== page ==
“Children who require renal-replacement therapy suffer mortality rates that are 30 times higher than children who don’t have end-stage renal disease,” adds Dr. Moxey-Mims, chief of the Division of Nephrology at Children’s National. “It’s of utmost importance that we develop more sensitive ways to identify children who are at heightened risk for developing CKD. A growing body of evidence suggests that this includes children treated in pediatric intensive care units who sustained acute kidney injury, infants born preterm and low birth weight, and obese children.”

At its early stages, pediatric CKD usually has few symptoms, and clinicians around the world lack validated biomarkers to spot the disease early, before it may become irreversible.

While national mass urine screening programs in Japan, Taiwan and Korea have demonstrated success in early detection of CKD, which enabled successful interventions, such an approach is not cost-effective for the U.S., Drs. Ahn and Moxey-Mims write.

According to the Centers for Disease Control and Prevention, 1 in 10 U.S. infants in 2016 was born preterm, prior to 37 weeks gestation. Because of that trend, the commentators advocate for “a concerted national effort” to track preterm and low birth weight newborns. (These infants are presumed to have lower nephron endowment, which increases their risk for developing end-stage kidney disease.)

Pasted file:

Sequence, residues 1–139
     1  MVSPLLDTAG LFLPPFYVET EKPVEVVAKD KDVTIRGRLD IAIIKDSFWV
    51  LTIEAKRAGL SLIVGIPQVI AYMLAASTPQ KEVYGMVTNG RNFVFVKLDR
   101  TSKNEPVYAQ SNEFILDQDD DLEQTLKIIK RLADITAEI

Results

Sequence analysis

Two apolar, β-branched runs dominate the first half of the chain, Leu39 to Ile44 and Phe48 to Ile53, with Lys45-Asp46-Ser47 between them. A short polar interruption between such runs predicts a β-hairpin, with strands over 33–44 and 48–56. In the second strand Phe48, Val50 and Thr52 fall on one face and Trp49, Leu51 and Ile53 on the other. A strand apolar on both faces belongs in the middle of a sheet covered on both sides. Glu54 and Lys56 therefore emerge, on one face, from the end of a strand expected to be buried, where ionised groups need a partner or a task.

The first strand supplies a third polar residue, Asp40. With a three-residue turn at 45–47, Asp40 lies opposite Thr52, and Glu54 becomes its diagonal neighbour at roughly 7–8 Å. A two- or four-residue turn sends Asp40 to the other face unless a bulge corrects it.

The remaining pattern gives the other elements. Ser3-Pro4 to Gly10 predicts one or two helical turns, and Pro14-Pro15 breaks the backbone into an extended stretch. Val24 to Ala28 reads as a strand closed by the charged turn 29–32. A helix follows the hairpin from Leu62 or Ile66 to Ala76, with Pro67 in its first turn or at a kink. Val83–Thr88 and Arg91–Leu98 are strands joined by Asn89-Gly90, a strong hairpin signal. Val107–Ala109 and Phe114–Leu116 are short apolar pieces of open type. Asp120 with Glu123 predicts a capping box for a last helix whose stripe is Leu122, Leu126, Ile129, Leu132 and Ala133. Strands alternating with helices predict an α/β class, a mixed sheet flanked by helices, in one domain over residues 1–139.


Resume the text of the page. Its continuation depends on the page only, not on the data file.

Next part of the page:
“We need a comprehensive, national registry just for pediatric CKD, a database that represents the entire U.S. population that we could query to glean new insights about what improves kids’ lifespan and quality of life. With a large database of anonymized pediatric patient records we could, for example, assess the effectiveness of specific therapeutic interventions, such as angiotensin-converting enzyme inhibitors, in improving care and slowing CKD progression in kids,” Dr. Moxey-Mims adds.